24 – 30 June 2013
A new study has found links between workplace bullying and depression. Resilient personality characteristics and supportive social and workplace environments could reduce the impact of exposure to workplace bullying. There is increased prevalence of bullying where respondents reported negative work characteristics. Those who reported to currently experiencing bullying behaviour were more likely to have a worrying and emotive nature. They also scored low on measures of mastery such as personal control. They were also more likely to have significant depression symptoms when compared to those with no history of bullying.
The report also made the following findings, respondents with significant depression symptoms were twice as likely to take time off, respondents who felt they received low levels of support from their colleagues and managers were more than twice as likely to report significant depression symptoms and insecure employment was associated with a greater risk of depression.
The government of Australia has asked the AHRC to launch an inquiry into treatment of women in the workplace. Elizabeth Broderick will oversee a national survey to assess the prevalence, nature and consequences of discrimination relating to pregnancy at work and return to work after parental leave.
The bystander effect occurs in many offices. Women are more often victims of sexual harassment at work than men. Australian Human Rights Commission statistics show that at least one in four women has ben sexually harassed in the past five years. There is also a clear gender difference in the perception of sexual harassment. Men and women both perceive blatant behaviour like sexual bribery and threats as harassment. But women are more likely to regard inappropriate looks or remarks as sexual harassment. Research shows men do not find the same behaviours offensive if directed at them, and are in fact four times more likely to find it flattering.
One in ten Australian businesses have an age above which they will not recruit, for most this is 50. A third of the business leaders surveyed said that older workers ‘did not like being told what to do’ by someone younger and were more forgetful. A fifth said older workers preferred not to use technology, had difficulty learning new things and did not want to work long hours. However, Commissioner Ryan says that it is vital we recognise that the growth in the number of older Australians provides significant and very real economic and social benefits and opportunities.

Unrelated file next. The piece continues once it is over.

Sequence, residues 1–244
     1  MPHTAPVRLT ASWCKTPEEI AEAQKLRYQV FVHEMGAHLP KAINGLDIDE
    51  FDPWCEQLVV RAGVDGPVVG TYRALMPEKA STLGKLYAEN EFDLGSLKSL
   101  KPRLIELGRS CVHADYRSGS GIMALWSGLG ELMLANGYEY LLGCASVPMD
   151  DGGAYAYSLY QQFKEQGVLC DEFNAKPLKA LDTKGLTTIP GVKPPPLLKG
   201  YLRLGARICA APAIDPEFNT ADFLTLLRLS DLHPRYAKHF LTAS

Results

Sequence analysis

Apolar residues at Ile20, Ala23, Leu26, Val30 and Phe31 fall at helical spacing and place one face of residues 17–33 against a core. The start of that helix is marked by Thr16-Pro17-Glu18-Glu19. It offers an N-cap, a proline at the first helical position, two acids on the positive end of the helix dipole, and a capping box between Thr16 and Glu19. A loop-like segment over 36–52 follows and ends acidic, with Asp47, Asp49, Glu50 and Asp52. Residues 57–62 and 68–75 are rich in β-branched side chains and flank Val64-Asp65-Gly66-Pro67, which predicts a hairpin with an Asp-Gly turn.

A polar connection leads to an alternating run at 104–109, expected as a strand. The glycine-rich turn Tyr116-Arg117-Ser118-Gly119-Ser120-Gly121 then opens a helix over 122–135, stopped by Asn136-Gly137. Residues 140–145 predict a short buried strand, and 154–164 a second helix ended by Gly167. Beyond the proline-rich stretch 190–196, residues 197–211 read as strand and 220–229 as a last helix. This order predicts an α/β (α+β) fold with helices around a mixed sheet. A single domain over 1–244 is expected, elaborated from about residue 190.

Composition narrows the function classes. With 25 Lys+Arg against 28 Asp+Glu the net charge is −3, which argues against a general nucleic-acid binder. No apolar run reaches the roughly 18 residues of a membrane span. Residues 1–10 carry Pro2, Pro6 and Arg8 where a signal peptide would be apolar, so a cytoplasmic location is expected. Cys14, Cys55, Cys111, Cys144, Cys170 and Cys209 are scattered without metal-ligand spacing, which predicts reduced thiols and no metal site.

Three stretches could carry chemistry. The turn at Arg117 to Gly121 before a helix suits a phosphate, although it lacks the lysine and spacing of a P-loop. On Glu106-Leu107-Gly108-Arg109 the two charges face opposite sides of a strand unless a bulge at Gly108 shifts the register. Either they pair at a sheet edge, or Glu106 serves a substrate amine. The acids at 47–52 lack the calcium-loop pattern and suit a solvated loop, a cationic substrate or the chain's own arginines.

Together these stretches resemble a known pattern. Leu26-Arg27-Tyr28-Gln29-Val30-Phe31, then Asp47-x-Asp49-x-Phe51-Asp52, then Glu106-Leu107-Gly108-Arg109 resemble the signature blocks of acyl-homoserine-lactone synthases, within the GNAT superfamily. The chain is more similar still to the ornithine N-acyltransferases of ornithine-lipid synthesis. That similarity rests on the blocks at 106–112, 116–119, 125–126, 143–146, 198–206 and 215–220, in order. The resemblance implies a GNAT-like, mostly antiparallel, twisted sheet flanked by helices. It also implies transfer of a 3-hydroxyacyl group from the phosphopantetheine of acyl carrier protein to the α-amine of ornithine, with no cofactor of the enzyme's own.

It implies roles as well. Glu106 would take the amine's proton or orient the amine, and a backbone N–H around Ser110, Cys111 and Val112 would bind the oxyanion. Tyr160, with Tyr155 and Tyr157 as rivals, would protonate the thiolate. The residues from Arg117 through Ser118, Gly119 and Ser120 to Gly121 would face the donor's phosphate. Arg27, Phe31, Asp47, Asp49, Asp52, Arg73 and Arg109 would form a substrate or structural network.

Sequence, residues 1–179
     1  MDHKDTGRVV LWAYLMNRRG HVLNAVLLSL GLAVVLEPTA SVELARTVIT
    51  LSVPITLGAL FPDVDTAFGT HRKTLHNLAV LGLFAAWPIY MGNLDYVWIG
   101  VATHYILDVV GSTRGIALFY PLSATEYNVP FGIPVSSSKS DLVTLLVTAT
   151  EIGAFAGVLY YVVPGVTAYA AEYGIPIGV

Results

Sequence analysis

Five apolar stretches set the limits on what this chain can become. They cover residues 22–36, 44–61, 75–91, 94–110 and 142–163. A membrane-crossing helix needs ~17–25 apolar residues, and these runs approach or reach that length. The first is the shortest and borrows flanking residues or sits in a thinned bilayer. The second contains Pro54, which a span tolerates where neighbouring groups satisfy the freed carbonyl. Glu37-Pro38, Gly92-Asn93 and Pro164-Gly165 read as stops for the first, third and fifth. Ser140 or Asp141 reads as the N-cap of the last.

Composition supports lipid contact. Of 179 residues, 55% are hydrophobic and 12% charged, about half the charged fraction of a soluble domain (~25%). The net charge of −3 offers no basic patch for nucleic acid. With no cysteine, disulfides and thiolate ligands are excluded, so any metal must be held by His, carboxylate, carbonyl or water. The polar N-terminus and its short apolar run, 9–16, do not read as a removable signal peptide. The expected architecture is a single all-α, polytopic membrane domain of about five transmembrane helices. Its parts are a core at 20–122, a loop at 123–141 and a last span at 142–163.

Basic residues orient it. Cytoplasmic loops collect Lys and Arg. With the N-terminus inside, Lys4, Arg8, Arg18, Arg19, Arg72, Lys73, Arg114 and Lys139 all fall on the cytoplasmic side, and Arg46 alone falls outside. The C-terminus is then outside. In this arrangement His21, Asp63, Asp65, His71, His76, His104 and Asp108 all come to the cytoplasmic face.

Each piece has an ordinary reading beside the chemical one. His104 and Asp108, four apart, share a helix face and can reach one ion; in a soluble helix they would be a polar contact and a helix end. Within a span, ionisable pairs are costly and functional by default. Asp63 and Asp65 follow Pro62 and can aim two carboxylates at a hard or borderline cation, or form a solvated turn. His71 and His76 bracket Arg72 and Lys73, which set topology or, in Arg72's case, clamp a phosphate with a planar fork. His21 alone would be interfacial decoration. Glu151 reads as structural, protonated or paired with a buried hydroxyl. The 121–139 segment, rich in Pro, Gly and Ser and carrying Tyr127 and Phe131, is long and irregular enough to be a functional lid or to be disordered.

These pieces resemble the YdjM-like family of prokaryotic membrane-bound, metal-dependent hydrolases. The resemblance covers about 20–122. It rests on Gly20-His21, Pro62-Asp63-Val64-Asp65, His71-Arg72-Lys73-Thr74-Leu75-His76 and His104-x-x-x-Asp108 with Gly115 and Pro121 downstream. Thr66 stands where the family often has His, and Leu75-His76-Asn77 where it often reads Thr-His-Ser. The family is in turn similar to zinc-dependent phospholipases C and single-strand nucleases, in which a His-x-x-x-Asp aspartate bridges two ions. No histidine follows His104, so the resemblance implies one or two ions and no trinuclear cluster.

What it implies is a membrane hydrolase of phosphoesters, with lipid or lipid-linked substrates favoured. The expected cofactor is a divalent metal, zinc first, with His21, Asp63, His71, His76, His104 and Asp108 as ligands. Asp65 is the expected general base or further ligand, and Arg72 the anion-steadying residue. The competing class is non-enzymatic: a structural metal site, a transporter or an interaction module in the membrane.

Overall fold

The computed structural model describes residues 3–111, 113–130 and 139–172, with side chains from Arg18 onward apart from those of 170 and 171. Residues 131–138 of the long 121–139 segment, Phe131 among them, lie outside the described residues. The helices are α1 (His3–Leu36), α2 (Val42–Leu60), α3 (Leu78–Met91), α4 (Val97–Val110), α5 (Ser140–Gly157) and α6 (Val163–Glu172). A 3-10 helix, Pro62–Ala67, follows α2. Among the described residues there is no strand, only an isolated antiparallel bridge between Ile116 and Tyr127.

A study of 3000 Australians aged between 45 and 74 found a third of workers aged over 45 had experienced workplace discrimination because of their age. This study also found that 13% of respondents had been denied training, promotion and equal pay while suffering derogatory comments and having the feeling of being forced out of the workforce. 31% of retirees reported the mere perception that employers considered them too old greatly influenced their decision to leave the workforce. The human rights commission survey indicated 71% of Australians believed age discrimination is common. 43% of younger people believed that older workers did not like to be told what to do by someone younger.
A new US study shows that unattractive, mean people are also more likely to be bullied in the workplace. 35% of Americans admitted to being bullied at work and findings revealed that both personality and appearance matter. The results showed that unattractive people were treated worse by their co-workers and those who were rated as not friendly were also more likely to be bullied at work. But if you were mean but attractive then this would reduce the chance of you being bullied.
A poll has found that senior management at ad agencies in Australia are prone to bullying junior staff. 33% of respondents said that senior management was prone to bullying junior staff, while 27% of voters said bullying was a problem at all levels. Less than one third of respondents said they had never witnessed bullying behaviour and 9% said management generally acted quickly to stop bullying when it occurred.
Legislation to outlaw discrimination against gays and lesbians by faith based aged care providers has passed parliament. Religious organisations enjoy an exemption from many areas of discrimination law. Here the proposal was an amendment to a bill to more broadly outlaw discrimination on the basis of sexual orientation, gender identity or intersex status.